If this is your first time here at This Will Change Your Life, I am road-testing a book called Rich Habits, to see if adopting the habits of the wealthy will make me rich myself. I’ve written more about what this involves here and here.
Adopting a new regime where you reverse all of your bad habits and adopt new good habits felt BRILLIANT at first. I was a new, shiny person! I would no longer have hangovers or be negative or procrastinate. I was the living embodiment of a Pinterest board of motivational slogans!
I had two different to-do lists, one for work and one for Rich Habits self-development. Things got ticked off them. I have always been relatively organised but this was next-level stuff. I don’t get distracted by emails, I was in control of my work day. I don’t stuff my face with Hobnobs.
I said my affirmations to myself every morning. As my partner was away visiting his family, I could get on with it without feeling like a complete idiot. Would anyone feel comfortable with chanting things like ‘I am confident, I am successful’ in earshot of someone they love? I mean anyone who is not Tom Cruise.
But speaking of uncomfortable, I am going to admit something: the affirmations actually made me feel good. It made me feel much better than the ‘write down all your bad habits’ exercise of Day 1. But I did worry that affirmations are the junk-food of self-improvement: something that tastes good at the time, but in the long term just makes you bloated and full of it. My favourite affirmation was ‘I do not have mice’ – ridiculous enough to make me smile, objective enough to test by the end of the month.
In the evenings when I got home, I started on my monthly goals: to figure out the next steps in my career, and to start on this blog. I researched, I planned, I wrote. I ticked things off the list. I made time to read the neglected Serious Books on my shelf. I did these things even when I was exhausted. I made myself keep going on and on all evening. In other words, I was like this:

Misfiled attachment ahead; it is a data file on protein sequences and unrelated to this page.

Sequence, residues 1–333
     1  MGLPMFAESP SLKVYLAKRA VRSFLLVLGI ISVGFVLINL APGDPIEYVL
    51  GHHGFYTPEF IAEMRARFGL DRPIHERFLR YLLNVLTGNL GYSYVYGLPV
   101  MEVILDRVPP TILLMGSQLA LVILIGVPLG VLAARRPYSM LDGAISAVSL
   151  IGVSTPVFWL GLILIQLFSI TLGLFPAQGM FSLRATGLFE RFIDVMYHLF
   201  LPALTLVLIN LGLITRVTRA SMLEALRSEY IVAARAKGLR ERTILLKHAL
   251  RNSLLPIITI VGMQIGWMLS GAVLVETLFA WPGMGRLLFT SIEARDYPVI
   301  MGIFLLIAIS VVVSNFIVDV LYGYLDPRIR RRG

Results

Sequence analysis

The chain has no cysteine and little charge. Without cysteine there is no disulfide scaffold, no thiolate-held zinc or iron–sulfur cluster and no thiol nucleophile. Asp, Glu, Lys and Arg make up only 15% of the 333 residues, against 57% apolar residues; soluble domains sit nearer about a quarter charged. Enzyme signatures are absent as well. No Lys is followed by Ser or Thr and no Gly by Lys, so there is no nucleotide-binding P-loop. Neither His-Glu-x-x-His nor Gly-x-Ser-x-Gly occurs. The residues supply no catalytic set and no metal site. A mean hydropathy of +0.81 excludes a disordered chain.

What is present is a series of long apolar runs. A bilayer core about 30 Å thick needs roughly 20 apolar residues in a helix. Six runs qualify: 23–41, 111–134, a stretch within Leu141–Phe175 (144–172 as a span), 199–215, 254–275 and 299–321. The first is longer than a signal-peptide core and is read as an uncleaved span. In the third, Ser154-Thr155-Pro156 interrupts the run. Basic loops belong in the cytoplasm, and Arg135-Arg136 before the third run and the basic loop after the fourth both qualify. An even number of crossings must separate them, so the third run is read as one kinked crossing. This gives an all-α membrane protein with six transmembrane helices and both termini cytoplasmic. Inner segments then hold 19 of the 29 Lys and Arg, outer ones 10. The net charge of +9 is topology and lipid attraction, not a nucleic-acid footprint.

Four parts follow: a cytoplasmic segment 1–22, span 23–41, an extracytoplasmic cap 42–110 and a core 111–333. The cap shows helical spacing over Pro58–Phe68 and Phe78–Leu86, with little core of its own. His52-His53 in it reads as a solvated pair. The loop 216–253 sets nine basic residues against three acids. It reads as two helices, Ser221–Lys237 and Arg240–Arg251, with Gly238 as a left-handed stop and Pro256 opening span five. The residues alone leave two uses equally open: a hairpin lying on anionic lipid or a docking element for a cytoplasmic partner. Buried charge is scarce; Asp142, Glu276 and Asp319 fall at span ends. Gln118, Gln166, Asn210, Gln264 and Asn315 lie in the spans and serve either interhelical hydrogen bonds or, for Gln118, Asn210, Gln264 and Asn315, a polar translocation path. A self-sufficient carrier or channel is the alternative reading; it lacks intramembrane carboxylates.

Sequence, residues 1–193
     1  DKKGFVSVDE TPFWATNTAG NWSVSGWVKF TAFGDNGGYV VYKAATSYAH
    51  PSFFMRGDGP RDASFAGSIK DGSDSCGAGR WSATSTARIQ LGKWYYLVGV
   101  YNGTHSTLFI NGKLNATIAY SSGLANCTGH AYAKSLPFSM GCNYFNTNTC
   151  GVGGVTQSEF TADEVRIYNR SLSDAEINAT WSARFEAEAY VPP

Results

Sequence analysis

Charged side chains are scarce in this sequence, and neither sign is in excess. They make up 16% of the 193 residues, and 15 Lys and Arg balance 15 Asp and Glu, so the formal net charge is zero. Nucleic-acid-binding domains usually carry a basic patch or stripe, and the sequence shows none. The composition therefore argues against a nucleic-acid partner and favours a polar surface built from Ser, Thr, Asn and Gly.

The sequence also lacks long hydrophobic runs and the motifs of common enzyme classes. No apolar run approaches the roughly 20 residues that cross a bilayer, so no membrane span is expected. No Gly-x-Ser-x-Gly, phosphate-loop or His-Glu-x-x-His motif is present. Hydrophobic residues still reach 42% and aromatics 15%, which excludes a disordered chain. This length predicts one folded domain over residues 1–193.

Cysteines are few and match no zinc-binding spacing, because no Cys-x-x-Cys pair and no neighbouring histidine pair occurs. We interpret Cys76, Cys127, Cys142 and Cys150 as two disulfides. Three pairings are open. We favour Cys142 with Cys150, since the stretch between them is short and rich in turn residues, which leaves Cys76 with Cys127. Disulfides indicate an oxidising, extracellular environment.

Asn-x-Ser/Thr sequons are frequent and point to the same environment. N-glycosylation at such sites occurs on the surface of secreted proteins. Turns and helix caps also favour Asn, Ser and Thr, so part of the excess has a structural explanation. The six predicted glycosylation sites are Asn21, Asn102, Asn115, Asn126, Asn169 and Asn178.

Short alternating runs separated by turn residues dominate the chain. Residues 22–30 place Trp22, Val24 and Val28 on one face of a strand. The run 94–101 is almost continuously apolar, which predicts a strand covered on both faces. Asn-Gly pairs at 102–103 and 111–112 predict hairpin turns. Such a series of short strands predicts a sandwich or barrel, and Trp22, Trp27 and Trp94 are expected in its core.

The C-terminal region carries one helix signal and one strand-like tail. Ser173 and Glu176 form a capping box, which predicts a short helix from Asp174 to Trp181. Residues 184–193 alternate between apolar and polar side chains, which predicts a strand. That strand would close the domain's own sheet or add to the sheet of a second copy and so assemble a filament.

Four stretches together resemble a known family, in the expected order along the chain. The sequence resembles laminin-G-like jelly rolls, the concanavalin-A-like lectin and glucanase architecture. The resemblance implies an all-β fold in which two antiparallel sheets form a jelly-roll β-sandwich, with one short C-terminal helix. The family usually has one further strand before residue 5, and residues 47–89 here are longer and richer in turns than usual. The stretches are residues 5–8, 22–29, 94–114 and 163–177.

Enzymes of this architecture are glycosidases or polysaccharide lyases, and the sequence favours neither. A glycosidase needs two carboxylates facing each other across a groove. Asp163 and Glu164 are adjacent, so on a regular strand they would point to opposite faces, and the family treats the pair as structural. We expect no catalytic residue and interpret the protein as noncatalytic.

And you know what? I liked it, in a smug, worn-out way. I made big strides – I applied to do a part-time MSc in Psychology, something I have been wanting to do for five years but was too nervous about the debt and the size of the commitment. I learned about strategy and leadership. I barely looked at pictures of cats on the internet.
How long do you think my moderate lifestyle and always-working lifestyle lasted?
Five days. No – I didn’t think I’d last that long either. On day 5, I went to the pub with colleagues (Habit 5: build relationships) and had a couple of drinks (Habit 7: moderation). On day 6, I felt hungover despite the moderation (NOT FAIR), and I was tired and I couldn’t face another long To Do list and more moderation and more affirmations and more self-improvement.
So I basically sacked the whole thing off and enjoyed a great Friday night with my friends Katie and Jonny and enjoyed an even greater Saturday at the wedding of my friends Liz and Tom. I did not even try to control my emotions as I saw her walk down the aisle and watched him light up like Little Mix had turned on the Oxford Street Christmas lights. I had as many drinks as I wanted and I ate all the cake I wanted and I danced constantly and it may not have been Rich Habits but I felt like I had a million pounds nonetheless.